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British War Poetry in the Age of Romanticism 1793-1815, by Betty T. Bennet, Edited by Orianne Smith

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1803.14
“The Orphan Sailor-Boy.”
“Edmund L. Swift, Esq.”
[Edmund L. Swift][1]
The Poetical Register and Repository of Fugitive Poetry, II (1803), pp. 60-63

                            1.

TOM HAULYARD was a Seaman brave,
    Thro' life a gallant Tar was he;
His cradle was the rocking wave,
    His birth-right was the roaring sea:

                            2.

Twice thirty years TOM HAULYARD fought,
    So long a spotless name he bore;
Nor e'er the hardy veteran sought
    Retreat or rest on Britain's shore.

                            3.

Three noble Sons around him stood
    In all the pride of strength and health;
And, while each manly form he view'd,
    Kings might have envied HAULYARD's wealth.

                            4.

But, TOM, his namesake, best he lov'd,
    My father was his eldest joy;
Yet well a parent's fondness prov'd
    The love he bore each darling Boy.—

                            5.

Now Britain's foes provok'd the war,
    And now their fleets usurp'd the tide;
And hasten'd now each loyal tar
    To raise her standard's fearless pride:

                            6.

Now in the honor'd ship that bore
    The auspicious sign of CHARLOTTE's name,
Intrepid HOWE from Britain's shore
    To meet the foes of Britain came.—

                            7.

Oh, peace be on the hallow'd tomb
    Of him who never knew to fear;
And ever may his laurels bloom,
    Bedew'd with Britain's grateful tear!—

                             8.

And now advanc'd the daring foe,
    And now each British heart beat high:—
Oh God!—How many wounds must flow,
    How many Christian men must die!—

                             9.

The Squadrons meet—the dread array
    Stands in a moment's awful pause—
Our Chief to Glory leads the way,
    To Glory gain'd in Britain's cause.—

                            10.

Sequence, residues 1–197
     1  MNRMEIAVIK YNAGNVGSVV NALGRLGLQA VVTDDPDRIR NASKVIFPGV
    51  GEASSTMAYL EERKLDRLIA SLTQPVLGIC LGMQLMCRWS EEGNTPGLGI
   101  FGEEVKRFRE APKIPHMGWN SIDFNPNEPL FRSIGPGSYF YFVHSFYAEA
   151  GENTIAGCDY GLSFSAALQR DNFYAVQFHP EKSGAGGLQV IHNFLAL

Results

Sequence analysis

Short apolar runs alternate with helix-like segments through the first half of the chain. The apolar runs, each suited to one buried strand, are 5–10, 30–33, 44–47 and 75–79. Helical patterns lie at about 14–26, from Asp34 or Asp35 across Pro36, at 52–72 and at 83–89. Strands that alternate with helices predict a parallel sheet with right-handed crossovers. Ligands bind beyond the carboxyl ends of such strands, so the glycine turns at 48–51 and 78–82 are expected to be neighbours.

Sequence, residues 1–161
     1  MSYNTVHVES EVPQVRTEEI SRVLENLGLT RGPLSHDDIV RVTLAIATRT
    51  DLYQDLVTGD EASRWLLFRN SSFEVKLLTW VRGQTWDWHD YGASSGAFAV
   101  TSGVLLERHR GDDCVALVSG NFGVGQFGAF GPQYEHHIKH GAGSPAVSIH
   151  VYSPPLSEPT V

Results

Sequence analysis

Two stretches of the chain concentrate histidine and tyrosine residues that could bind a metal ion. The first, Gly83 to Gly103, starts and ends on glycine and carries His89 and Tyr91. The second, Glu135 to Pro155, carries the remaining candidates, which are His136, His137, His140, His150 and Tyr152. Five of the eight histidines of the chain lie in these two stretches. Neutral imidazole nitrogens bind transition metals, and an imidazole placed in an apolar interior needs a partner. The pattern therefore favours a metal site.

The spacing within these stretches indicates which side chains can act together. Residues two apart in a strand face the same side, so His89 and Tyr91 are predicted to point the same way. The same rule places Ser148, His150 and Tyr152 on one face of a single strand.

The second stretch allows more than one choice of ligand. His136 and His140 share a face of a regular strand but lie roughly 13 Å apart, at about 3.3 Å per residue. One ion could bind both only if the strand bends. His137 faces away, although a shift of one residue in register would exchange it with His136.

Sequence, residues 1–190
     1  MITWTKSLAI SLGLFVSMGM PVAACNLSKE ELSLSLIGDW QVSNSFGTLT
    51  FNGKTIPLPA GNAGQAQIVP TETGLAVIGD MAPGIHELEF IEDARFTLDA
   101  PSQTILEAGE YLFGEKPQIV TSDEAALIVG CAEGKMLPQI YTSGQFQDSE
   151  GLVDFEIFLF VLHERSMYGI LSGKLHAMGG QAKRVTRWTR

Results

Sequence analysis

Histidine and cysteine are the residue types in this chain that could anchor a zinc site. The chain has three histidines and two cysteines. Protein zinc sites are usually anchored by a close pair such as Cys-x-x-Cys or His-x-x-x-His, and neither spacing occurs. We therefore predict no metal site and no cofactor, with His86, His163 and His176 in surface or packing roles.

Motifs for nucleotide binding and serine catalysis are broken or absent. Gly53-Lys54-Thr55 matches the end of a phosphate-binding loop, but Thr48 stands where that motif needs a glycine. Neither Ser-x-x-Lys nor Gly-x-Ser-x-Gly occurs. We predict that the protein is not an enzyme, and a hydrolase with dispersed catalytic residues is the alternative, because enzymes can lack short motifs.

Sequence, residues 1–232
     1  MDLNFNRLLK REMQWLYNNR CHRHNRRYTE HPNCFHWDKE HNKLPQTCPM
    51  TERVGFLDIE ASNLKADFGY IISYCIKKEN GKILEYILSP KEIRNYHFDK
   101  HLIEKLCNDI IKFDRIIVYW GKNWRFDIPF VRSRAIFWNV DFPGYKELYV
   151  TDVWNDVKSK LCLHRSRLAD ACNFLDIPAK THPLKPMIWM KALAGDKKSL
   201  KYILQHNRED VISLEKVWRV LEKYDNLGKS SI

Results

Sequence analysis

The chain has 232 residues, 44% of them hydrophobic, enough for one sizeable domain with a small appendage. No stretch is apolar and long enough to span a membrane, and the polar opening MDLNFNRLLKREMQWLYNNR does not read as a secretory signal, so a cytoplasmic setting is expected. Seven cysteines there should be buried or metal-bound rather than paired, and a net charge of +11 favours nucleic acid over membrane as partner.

Oh Christ!—It was a fearful sight
    To see the wounds that countless bled;
But oh, the horrors of the fight
    To tell, would wake the sleeping dead!—

                            11.

Among the rest TOM HAULYARD stood,
    Full six feet high the Veteran rose;
A rock above the rolling flood,
    He hurl'd back ruin on his foes.—

                            12.

His gallant Sons around him drew
    The terrors of the flashing sword;
While hostile thunders thinn'd the crew,
    And slaughter swept the lessening board.—

                            13.

And now, alas!—One death-wing'd ball
    On WILLIAM'S bosom urg'd its force;
TOM HAULYARD saw his youngest fall,
    And rush'd to save his darling's corpse.—

                            14.

In either Fleet conflicting fires
    A thousand bloody deaths illume:—
Huzza! Huzza!—the foe retires!—
    But HENRY meets his brother's doom!

                            15.

TOM HAULYARD was a Seaman bold,
    Yet might he weep his children slain;—
Down his rough cheek the salt tear roll'd—
    —But does not namesake TOM remain?—

                            16.

Ah no!—beneath the fatal stroke,
    I saw my gallant father fall!—
Then stood alone the aged oak,
    Stript of his youthful branches all.—

                            17.

Nor long he stood—One iron shower,
    The vengeance of the sinking foe,
Burst forth in ruins' desperate hour:—
    TOM HAULYARD sank beneath the blow.—

                            18.

He fell!—And striving hard with death,
    All bleeding, struggled to embrace
His Sons, to catch each parting breath,
    And dying kiss each pallid face.—

                            19.

Even now I hear the Veteran cry,
    "Oh stay, your Father with ye falls!—
"In Britain's cause we nobly die,
    "And who shall shrink when Britain calls?—

                            20.

"But oh, thou GOD, whose heavenly power
    "Alike can succour and destroy,
"Receive us in this awful hour,
    "And save, oh save this Orphan Boy.—

                            21.

"My first-born's Son!"—Serene he smil'd
    To meet the death that dimm'd his eye;
And his last prayer was "Save my Child!"
    And his last word was "Victory!"—

                            22.

Oh, peace be on the hallow'd tomb
    Of them who never knew to fear;
And ever may their laurels bloom,
    Bedew'd with Britain's grateful tear!—

                            23.

But, hapless me!—0f all bereft,
    Of Father, Friends, of Hope, and Joy!—
So young, so lonely am I left—
    Pity the ORPHAN SAILOR BOY!


Notes

1. Edmund L. Swift was an Irishman, the author of the Life and Acts of Saint Patrick, 8v. (Dublin, 1809); Ecclesiastical Supremacy of the Crown (London, 1814); and Anacreon in Dublin (Dublin, 1814).

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Published @ RC

September 2004